The Environmental Protection Agency (EPA) tells us that: “OBD stands for On-Board Diagnostics, a computer-based system built into all model year 1996 and newer light-duty cars and trucks. OBD monitors the performance of some of the engines’ major components. The system provides owners with an early warning of malfunctions by way of a dashboard ‘Check Engine’ light. By giving vehicle owners this early warning, OBD protects not only the environment but also consumers, identifying minor problems before they become major repair bills.” [1]

This definition from the EPA contains direct parallels to our never-ending search to become better school business officials and in particular to our use of Key Performance Indicators (KPIs) toward this goal. Let’s take a closer look at these similarities.

“OBD monitors the performance of some of the engines’ major components.” Certainly it is at the very core of our job as responsible school business officials to monitor the performance of the services we provide. How are we doing getting the kids to school? How is our student information system supporting student achievement? How are we keeping our kids safe from bullying?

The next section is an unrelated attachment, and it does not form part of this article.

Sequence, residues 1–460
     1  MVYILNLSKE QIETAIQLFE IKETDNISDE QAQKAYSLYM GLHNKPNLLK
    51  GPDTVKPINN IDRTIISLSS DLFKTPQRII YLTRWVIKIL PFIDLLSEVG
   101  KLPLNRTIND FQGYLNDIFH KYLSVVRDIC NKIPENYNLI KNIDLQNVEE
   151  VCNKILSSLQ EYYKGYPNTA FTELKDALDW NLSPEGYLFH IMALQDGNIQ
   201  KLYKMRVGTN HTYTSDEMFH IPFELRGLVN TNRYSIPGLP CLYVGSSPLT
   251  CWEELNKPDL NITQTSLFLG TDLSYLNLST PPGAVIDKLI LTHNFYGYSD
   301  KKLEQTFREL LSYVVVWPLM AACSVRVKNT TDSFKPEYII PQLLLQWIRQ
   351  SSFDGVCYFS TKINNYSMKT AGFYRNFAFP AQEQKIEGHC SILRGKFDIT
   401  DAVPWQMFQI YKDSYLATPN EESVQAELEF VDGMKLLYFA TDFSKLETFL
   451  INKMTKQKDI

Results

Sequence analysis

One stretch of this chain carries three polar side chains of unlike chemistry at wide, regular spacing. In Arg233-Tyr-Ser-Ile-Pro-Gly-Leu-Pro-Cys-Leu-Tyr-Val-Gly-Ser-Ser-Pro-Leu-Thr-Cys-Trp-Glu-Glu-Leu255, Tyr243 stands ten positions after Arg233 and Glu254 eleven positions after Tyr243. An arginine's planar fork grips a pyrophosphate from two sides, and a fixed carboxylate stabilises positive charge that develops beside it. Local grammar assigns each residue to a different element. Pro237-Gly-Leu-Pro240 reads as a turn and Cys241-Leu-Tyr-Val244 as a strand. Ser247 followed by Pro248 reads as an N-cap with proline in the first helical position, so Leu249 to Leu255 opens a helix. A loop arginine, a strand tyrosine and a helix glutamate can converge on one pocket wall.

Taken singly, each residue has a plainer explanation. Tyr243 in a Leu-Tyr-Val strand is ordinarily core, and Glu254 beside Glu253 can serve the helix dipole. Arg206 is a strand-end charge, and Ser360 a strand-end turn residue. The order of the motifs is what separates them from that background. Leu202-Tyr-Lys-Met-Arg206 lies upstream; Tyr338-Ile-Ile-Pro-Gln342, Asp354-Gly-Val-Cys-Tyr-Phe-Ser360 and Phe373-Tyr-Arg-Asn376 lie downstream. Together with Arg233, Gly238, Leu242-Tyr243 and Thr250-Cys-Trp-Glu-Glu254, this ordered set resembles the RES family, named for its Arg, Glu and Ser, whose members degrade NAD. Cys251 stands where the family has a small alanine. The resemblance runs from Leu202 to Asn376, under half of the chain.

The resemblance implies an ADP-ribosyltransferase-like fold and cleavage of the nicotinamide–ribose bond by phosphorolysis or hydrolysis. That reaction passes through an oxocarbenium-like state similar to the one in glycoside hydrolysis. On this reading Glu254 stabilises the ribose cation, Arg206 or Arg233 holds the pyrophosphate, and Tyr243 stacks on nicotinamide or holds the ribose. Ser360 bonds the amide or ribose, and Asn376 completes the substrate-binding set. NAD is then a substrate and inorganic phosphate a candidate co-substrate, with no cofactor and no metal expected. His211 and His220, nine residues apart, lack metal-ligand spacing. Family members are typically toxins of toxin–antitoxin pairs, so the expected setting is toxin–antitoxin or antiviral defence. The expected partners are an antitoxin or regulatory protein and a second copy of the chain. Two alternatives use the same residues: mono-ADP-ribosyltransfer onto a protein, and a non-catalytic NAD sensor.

“The system provides owners with an early warning of malfunctions by way of a dashboard Check Engine light.” Wouldn’t that be handy for our responsibilities? A check engine light that went on when our attendance started to decline, when our costs started to rise, when our time to provide a response slowed down? The use of KPIs can fill that exact need.

“By giving vehicle owners this early warning, OBD … identifies minor problems before they become major repair bills.” Isn’t that our job description in a nutshell? In these challenging economic times, our stakeholders (school board, schools, students, parents and the community) rely on our responsible management of the critical support services entrusted to our care. If we don’t use our resources to quickly catch and correct minor slips and problems, we risk spending much more time and money down the road if an issue escalates.

The major difference in this analogy is that our cars come with the OBD systems automatically installed. We don’t need to do anything extra to obtain the high level of protection they afford. On the other hand, our many and varied responsibilities as K-12 school business officials often come without an instruction manual. We need to develop our own version of On-Board Diagnostics through the use of tools and solutions that allow us to generate the types of data that will populate the KPIs we rely on.

Just like our cars grow smarter with each passing year, we need to grow smarter in the ways we manage the important services our schools and students depend on.

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